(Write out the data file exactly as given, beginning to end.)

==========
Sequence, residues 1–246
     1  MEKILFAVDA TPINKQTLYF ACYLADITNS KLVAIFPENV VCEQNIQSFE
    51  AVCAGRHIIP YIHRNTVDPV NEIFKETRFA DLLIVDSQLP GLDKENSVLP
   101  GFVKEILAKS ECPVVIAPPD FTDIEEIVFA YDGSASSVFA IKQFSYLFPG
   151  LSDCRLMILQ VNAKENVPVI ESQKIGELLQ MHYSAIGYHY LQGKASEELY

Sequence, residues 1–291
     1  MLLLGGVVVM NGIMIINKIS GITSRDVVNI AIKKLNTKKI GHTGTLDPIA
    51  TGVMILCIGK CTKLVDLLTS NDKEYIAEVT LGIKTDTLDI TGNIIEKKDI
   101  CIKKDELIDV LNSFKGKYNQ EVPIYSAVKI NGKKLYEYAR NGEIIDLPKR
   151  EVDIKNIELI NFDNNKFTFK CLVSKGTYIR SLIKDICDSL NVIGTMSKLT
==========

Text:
Sequence, residues 1–246
     1  MEKILFAVDA TPINKQTLYF ACYLADITNS KLVAIFPENV VCEQNIQSFE
    51  AVCAGRHIIP YIHRNTVDPV NEIFKETRFA DLLIVDSQLP GLDKENSVLP
   101  GFVKEILAKS ECPVVIAPPD FTDIEEIVFA YDGSASSVFA IKQFSYLFPG
   151  LSDCRLMILQ VNAKENVPVI ESQKIGELLQ MHYSAIGYHY LQGKASEELY

Sequence, residues 1–291
     1  MLLLGGVVVM NGIMIINKIS GITSRDVVNI AIKKLNTKKI GHTGTLDPIA
    51  TGVMILCIGK CTKLVDLLTS NDKEYIAEVT LGIKTDTLDI TGNIIEKKDI
   101  CIKKDELIDV LNSFKGKYNQ EVPIYSAVKI NGKKLYEYAR NGEIIDLPKR
   151  EVDIKNIELI NFDNNKFTFK CLVSKGTYIR SLIKDICDSL NVIGTMSKLT